When my editor asked me to come up with a Thanksgiving idea, I came up with an idea. “Patrick Reusses Turkey of the Year” by Tony Abbott.

It was quickly rejected.

But it’s Thanksgiving, so copyright infringement, it’s time to talk turkeys. So I elected myself president of Minnesota Sports, and with the office comes the power of presidential pardons. I received contributions for the largest turkeys in the history of the Minnesota Wilds. Got a lot of good answers, so now is the time to review this list and decide who to forgive. Let’s go.

Alex Henry (@ Woodsauce24)

We start with an easy one. And by an easy one, I mean “A guy I had to Google.” I have no idea who Henry is. Wikipedia tells me he played 133 games for Wild around the lockout and had 11 points. Even for a defender in the Jacques Lemaire era, it’s pretty bad. At the same time, I can not with good consciousness condemn someone I do not even remember.


Martin Skoula (@ rynryn1138)

In return, I remember Skoula. When a Wild fan thinks of “bad defense”, they think of Martin Skoula. In fact, they should have called him “Martin Skoula” because there was no “d” in his game. That joke would have worked better if he had a “d” in his name, but it still works, I think. Looking at the analyzes we have on him, Skoula was honestly just mediocre as a defender, but instead a black hole in the offense. Good news for those who would like to have their thumbs down here: It’s a worse crime for me.


Mike Yeo (Joe Bouley)

Yeo’s defenders will point out that he had a lot to relate to during his time as a coach. That’s not wrong. Having to cope with the storm of veteran egos from Zach Parise and Ryan Suter – who were big and productive enough to have them at the time – was a challenge. No other coach was able to bridge the generation gap between Wilds veterans and youth at the time.

But was he a good coach? “Neo” way. It is no coincidence that in the first season after Minnesota fired Yeo, virtually all Wild players under 27 enjoyed career years. Unless you really appreciate two trips to the second round of the playoffs, Bruce Boudreau got more out of the same core than Yeo could have ever dreamed of.


Matt Moulson (@puckovaglass)

The Wild traded two picks in the second round for Moulson, who scored 13 points in 20 games in the regular season. He got some scratches in the playoffs and scored a disappointing goal and three points over 10 games. Not great, but swapping for a garbage goal scorer like the missing piece on your team when Minnesota a) Already had Paris and b) never shot, leading to few rebounds, is an even worse decision. I’ll say Moulson is not the guy you should be mad at here.


Colton Gillies (@ JoeBou15)

Gillies achieved a nomination by being a first-round pick who was bad at hockey. The Wilds’ brains had been so shattered by Chris Pronger’s Anaheim Ducks Paul Bunyan, who brought them out of the first round, that they decided that the only way to beat them was to give them a choice in the second round so they could trade for this guy.

Imagine if they had stayed at election 19 instead, taken Max Pacioretty (who became number 22) and kept the 42nd overall choice and spent it on PK Subban (who became number 43)! This is a classic case where a child is blamed for things that are not his fault. He did not choose himself, much less swapped another round to do so.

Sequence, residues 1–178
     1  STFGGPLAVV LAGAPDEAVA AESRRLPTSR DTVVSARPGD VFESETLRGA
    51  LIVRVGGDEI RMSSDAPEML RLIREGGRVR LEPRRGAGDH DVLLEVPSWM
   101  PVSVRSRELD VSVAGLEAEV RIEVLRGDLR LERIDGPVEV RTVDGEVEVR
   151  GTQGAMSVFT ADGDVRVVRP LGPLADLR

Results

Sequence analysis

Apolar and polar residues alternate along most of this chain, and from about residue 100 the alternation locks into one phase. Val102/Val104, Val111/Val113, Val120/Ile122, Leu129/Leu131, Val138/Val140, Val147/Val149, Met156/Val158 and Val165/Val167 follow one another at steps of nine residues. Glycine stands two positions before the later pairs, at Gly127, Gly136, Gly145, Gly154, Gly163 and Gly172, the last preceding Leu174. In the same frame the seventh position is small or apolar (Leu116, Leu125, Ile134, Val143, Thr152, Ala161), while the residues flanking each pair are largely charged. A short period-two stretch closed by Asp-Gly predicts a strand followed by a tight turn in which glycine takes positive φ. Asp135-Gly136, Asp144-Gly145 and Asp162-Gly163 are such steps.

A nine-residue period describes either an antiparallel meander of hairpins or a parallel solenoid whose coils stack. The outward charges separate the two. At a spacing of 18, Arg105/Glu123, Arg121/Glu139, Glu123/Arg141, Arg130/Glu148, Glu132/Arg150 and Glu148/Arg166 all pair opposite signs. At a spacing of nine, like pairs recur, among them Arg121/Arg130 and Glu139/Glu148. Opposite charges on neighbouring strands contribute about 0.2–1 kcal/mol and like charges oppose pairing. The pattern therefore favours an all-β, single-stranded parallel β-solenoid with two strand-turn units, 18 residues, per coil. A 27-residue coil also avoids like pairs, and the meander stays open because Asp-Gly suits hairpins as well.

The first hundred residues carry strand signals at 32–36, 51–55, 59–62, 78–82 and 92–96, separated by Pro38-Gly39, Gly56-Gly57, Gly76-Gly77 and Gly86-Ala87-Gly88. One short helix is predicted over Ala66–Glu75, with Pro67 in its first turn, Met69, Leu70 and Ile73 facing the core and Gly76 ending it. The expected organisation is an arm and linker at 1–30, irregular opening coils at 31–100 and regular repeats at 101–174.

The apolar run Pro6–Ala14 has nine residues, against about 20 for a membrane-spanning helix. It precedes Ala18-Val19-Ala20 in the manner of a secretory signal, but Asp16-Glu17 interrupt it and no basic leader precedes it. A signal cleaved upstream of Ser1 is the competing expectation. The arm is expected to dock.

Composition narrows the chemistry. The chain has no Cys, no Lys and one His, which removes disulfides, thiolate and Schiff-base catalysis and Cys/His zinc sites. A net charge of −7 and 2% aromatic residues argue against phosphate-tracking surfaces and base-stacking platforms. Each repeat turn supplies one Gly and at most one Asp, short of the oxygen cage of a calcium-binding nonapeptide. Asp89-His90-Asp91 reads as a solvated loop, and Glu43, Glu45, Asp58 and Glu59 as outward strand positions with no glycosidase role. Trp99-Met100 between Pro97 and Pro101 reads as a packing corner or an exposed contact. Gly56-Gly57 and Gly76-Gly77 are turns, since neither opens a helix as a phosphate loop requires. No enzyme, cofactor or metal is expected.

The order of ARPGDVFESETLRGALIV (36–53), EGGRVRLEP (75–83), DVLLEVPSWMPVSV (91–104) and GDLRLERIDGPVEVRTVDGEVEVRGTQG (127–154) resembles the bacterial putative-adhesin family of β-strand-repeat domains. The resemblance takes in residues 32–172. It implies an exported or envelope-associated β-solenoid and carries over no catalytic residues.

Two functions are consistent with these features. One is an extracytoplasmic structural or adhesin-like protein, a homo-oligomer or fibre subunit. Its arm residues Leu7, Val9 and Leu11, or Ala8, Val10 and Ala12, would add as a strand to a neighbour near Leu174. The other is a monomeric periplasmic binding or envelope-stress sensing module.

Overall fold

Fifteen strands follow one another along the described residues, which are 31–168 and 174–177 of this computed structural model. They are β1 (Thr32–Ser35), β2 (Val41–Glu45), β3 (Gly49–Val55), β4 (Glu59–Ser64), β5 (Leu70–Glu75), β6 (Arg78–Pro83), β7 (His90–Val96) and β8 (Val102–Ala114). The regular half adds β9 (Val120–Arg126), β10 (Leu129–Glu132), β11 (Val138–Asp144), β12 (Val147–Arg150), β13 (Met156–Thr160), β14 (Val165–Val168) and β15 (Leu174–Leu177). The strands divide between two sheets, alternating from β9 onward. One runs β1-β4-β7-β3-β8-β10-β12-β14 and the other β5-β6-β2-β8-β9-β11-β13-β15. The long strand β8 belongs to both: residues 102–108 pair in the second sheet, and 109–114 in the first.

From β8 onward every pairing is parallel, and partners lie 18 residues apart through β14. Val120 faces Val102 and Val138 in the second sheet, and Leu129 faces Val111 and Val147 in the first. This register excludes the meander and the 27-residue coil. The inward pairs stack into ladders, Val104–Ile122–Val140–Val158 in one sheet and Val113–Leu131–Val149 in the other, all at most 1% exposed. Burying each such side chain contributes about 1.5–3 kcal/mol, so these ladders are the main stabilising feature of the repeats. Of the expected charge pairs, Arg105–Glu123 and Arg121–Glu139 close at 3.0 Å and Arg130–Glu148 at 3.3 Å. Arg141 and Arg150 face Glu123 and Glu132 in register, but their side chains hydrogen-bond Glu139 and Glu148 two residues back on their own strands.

Marek Zidlicky (@ Dantales24)

Zidlicky was the original “But Turnovers!” guy, with 158 giveaways in 263 games with Wild. His defense is legendary in these parts for being bad, in part because of the minus-34 in his career with Minnesota. However, he had a really good skill, which was as a power-play specialist. If he could have been a guy in the third pair they used as a PP quarterback, he probably has remembered a lot more with joy. At the same time, he was not very good, even though he was stretched thin on incredibly bad Wild teams. It’s a close call.


Stephane Veilleux (@ 00xtremeninja)

Veilleux played nearly 3,000 minutes for Wild in the Analytics Era and finished at exactly 0.1 Win Above Replacement. If you ever try to explain WAR to a Wild fan and they ask what a substitute is, tell them “A guy who’s barely worse than Stephane Veilleux” and they will immediately understand. Alone for that, his soul is saved.


Martin Hanzal (@ teamster4obama)

Hanzal is down in history as the worst trade in Wilds history. The Wild made the big center the missing piece for a team heading to win the Western Conference. Instead, their goalkeeping team collapsed in March, and Jake Allen’s St. Louis Blues goalkeeper got them out of the playoffs.

Hanzal gets a lot of blame here, but he pretty much did his job. He scored 13 points in 20 games on Wild’s third line while dominating ball possession. Did his presence in the lineup disrupt the team’s chemistry? Maybe, but it’s not up to him. Did The Wild pay too much to acquire him? Yes, the choices in the first, second and third rounds would have been useful. Not on him either.

The real Turkey here is the weak trading market by the deadline of 2017, and perhaps a fragile Wild locker room.


Kyle Quincey (@WildFarmReport)

The Wild signed Kyle Quincey to be their Jordie Benn, a veteran to provide stability to the right side of the third pair. One problem: Quincey refused to play the right side of the defense after saying he would do so during free play. Not that it would have helped much if he had played there. One could argue that Quincey fell victim to poor goalkeeping, but he was also terrible, which never helps anyone’s case. Minnesota scored five goals and allowed 12 with Quincey on the ice in 5-on-5 games. He also took a total of nine penalties in 18 games. That’s right – it only took 18 games for Wild to save that experiment.